Analogy as a catalyst for cumulative cultural evolution


Analogies, broadly defined, map novel concepts onto familiar concepts, making them essential for perception, reasoning, and communication. We argue that analogy-building served a critical role in the evolution of cumulative culture by allowing humans to learn and transmit complex behavioural sequences that would otherwise be too cognitively demanding or opaque to acquire. The emergence of a protolanguage consisting of simple labels would have provided early humans with the cognitive tools to build explicit analogies and to communicate them to others. This focus on analogy-building can shed new light on the coevolution of cognition and culture and addresses recent calls for better integration of the field of cultural evolution with cognitive science.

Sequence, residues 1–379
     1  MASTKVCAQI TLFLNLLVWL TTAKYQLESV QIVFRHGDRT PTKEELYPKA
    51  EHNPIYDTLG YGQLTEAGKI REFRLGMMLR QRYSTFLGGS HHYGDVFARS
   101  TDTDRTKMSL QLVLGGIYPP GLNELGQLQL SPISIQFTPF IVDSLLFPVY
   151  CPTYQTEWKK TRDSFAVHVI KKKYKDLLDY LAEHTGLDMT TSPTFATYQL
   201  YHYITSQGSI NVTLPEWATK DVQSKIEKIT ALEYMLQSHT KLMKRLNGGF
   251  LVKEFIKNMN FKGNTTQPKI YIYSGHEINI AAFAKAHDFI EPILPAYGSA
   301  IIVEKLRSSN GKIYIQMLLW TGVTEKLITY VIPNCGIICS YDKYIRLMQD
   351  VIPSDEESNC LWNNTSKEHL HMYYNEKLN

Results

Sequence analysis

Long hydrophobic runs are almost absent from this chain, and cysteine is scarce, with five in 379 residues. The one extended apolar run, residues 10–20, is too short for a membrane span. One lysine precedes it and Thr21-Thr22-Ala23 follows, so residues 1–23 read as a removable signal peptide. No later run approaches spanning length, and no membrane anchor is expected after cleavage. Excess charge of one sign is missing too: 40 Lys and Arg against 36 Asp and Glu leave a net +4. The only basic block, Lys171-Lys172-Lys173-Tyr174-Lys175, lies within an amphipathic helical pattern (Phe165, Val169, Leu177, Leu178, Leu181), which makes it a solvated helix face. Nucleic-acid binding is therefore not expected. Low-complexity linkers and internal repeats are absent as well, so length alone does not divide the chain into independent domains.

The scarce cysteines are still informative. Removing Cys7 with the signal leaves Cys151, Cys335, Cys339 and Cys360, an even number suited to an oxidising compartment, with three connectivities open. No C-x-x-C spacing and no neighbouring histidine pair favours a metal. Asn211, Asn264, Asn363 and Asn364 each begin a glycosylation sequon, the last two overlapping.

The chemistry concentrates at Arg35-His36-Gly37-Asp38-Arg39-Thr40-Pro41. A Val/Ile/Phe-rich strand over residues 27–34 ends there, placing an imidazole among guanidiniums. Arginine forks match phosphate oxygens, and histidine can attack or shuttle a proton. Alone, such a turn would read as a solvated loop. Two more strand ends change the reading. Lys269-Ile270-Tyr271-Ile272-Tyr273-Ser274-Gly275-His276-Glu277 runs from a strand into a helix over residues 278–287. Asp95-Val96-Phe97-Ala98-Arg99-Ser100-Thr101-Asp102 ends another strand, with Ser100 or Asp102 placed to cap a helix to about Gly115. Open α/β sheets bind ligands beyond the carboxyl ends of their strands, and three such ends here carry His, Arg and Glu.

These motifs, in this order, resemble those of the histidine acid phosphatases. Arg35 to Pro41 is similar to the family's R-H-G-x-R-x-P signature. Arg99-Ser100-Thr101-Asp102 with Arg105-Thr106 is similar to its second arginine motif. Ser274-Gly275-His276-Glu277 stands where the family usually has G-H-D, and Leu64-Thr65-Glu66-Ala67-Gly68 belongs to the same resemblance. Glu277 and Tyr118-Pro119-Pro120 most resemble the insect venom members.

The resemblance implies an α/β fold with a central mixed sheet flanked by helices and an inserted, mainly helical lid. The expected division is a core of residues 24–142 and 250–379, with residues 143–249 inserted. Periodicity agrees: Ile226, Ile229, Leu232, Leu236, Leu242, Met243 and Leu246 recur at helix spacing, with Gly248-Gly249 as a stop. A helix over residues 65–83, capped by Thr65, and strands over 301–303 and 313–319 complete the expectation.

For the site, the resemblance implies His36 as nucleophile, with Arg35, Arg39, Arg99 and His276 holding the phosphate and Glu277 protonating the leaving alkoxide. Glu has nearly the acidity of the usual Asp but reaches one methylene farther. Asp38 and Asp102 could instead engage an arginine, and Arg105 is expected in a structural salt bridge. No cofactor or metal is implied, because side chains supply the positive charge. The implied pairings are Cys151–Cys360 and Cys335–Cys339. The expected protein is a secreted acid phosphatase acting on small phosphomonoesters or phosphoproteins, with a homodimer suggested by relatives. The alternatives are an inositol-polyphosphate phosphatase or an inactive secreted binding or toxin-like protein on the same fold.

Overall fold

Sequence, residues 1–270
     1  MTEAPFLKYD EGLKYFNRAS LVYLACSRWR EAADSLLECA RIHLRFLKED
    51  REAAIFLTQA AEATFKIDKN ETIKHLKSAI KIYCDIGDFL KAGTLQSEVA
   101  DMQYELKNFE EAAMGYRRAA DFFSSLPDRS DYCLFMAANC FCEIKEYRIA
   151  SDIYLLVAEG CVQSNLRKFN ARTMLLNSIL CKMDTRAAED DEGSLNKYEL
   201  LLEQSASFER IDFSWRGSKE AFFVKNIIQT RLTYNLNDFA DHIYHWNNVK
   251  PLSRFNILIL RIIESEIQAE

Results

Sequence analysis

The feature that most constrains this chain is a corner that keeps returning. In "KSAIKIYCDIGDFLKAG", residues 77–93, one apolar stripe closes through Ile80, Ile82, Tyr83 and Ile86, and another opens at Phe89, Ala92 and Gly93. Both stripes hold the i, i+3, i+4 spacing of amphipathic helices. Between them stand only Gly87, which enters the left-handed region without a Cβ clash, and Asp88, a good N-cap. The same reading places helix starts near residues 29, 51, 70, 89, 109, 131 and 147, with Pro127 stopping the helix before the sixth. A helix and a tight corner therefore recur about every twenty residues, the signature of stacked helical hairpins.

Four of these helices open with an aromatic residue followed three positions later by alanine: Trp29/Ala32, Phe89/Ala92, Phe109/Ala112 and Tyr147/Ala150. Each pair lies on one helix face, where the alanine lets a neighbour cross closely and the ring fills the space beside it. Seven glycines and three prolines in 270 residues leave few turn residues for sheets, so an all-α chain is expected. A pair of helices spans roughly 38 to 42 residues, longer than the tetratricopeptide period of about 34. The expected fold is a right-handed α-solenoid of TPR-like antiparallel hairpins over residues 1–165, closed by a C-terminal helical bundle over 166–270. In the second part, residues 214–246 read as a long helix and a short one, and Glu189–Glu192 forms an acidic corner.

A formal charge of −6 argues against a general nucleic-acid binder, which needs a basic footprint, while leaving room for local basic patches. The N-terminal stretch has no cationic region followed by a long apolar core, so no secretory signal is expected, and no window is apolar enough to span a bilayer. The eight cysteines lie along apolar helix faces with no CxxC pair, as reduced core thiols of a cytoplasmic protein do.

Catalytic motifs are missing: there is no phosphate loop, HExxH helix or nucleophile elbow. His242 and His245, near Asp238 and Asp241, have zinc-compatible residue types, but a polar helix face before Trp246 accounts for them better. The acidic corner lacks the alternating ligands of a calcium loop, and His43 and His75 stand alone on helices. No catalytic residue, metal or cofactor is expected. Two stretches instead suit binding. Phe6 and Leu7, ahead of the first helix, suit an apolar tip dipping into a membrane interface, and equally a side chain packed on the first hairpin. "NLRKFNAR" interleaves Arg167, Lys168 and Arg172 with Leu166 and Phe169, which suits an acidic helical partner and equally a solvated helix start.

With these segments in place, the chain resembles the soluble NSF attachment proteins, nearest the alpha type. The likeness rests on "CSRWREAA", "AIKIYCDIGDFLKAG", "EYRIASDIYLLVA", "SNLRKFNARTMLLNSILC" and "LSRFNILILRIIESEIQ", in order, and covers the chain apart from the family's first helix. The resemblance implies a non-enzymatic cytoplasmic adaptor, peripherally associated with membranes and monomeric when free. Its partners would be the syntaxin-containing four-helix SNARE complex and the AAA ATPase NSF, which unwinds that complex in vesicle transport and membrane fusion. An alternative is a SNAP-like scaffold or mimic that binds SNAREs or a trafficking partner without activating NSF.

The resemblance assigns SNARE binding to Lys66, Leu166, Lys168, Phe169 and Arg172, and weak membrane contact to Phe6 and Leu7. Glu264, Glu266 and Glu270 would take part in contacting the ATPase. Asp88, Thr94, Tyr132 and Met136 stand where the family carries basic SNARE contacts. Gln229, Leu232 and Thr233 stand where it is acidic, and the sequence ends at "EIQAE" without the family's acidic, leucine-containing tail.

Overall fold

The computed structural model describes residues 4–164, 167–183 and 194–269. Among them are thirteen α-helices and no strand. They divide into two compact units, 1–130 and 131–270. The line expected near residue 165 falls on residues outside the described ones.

Trends in Cognitive Sciences 25, 450-461.